2010 Annual Science Report
University of Hawaii, Manoa Reporting | SEP 2009 – AUG 2010
Ice Chemistry Experiments
A variety of astrobiological experiments have been conducted to look at the formation and degredation of biologically important species under space simulated conditions.
Searching for Main Belt Comets with the Pan-STARRS 1 Survey Telescope
The Pan-STARRS1 (PS1) project is an all-sky survey using a 1.8-meter telescope on Haleakala in Hawaii. We have developed a system (“stamp store”) for storing and archiving intermediate static-sky subtracted images for transient detections, like asteroids. Normally, these images would be deleted, but we need them to apply specialized photometry to search for comet-like activity. This system will archive and organize approximately 40 terabytes of data over the 3.5-year lifetime of the project. Our approach for searching for MBC activity is based on searching for the brightest segment around a point source, and it is incorporated into a data processing pipeline that automatically polls new PS1 asteroid detections, performs specialized photometry on images in the above stamp store, and accumulates statistics used in deciding whether an object is an MBC candidate.
We have been engaged in a search for more Main Belt Comets (MBCs) in data from the newly operational Pan-STARRS1 (PS1) survey telescope on Haleakala. This is the first year that PS1 has been running steadily, producing terabytes of image data and hundreds of thousands of asteroid detections. Using our specialized pipeline, we have been analyzing Main Melt asteroid detections for signs of cometary activity (see Figure). We have found what appears to be a statistical excess of activity in the expected direction as opposed to unphysical directions. Over the next year, we will continue mining PS1 data and following up candidates with time on other telescopes, for which we have significant allocations. Using our specialized pipeline designed to search postage stamp images of asteroids for tail activity, we have been analyzing Main Melt asteroid detections for signs of cometary activity (see figure). In a preliminary batch of data from the spring of 2010, we have found what appears to be a statistical excess of activity in the expected direction as opposed to three unphysical orthogonal directions, yielding 5 to 10 potential MBC candidates. Over the next year, we will continue searching PS1 data, improving and extending our search algorithms. We will also follow up candidates with time on other telescopes, for which we have been allocated 14 hours of CFHT time, 6 nights of UH 2.2m time, and 6 nights of SMARTS 1.3m time. In deeper exposures, we hope to see direct evidence of activity that was detected statistically in PS1.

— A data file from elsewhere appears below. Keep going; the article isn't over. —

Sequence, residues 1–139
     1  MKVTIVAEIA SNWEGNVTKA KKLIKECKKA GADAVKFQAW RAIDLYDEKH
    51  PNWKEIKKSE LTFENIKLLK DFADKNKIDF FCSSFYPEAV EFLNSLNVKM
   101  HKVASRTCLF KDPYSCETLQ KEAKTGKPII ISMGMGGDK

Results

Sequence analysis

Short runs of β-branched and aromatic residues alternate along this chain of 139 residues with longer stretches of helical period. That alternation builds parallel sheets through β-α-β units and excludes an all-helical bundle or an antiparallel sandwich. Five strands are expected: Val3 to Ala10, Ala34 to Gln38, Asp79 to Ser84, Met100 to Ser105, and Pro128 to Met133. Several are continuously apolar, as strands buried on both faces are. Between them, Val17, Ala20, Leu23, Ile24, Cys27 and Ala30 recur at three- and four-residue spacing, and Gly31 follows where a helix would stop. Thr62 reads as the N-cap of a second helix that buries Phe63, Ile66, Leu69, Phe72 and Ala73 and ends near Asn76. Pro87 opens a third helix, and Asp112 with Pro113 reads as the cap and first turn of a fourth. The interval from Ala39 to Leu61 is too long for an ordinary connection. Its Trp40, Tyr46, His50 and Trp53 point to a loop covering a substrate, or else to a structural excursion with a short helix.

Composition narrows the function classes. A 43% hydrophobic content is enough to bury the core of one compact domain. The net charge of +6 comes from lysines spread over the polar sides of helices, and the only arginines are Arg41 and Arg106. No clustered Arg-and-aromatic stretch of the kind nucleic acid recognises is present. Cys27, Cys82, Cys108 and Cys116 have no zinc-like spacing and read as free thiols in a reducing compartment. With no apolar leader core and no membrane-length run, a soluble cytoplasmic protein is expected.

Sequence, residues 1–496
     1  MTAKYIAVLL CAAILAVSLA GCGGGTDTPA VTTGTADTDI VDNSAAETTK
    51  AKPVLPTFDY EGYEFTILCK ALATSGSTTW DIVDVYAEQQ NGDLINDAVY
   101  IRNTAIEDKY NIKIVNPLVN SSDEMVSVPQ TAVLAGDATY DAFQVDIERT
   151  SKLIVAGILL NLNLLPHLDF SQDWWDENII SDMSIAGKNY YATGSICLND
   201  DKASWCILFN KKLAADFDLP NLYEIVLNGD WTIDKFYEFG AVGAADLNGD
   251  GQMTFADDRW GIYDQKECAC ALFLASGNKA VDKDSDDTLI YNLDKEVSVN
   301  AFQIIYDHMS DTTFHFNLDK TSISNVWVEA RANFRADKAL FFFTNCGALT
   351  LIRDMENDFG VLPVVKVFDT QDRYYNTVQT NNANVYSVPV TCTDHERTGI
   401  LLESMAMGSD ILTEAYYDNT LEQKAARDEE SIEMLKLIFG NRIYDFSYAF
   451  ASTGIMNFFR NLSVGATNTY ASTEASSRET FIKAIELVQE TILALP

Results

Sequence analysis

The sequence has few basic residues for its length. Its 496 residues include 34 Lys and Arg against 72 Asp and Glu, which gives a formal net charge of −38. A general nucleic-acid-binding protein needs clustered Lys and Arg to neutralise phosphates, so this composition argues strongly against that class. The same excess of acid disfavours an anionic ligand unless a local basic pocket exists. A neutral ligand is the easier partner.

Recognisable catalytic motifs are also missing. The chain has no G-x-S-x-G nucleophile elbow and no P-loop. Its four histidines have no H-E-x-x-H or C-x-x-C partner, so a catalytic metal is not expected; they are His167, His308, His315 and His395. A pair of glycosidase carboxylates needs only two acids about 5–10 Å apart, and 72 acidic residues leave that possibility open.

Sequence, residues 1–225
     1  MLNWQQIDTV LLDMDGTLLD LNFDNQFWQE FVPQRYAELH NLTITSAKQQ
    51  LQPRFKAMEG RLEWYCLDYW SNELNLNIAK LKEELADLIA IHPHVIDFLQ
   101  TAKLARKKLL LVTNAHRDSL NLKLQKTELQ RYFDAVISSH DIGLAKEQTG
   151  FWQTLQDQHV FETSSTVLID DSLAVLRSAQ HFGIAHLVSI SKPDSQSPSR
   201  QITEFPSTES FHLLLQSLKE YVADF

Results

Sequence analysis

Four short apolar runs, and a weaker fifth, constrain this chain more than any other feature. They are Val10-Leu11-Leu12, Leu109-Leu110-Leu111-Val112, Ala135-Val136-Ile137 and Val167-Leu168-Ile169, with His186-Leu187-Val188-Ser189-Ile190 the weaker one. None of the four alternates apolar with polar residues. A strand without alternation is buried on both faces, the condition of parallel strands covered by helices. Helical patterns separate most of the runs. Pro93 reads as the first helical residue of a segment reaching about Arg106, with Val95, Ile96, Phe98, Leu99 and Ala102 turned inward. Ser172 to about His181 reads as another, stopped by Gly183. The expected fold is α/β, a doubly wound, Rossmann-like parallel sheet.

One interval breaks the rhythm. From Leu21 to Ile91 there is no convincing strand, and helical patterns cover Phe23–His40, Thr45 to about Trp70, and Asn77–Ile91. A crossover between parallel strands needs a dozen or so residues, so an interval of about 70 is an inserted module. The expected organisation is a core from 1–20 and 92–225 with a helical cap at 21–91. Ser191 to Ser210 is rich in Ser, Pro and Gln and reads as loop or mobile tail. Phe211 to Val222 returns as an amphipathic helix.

This project will eventually yield a full measure of the MBC population, will help determine the prevalence of water in the inner Solar System, and will provide likely provide targets for possible NASA missions to visit these bodies.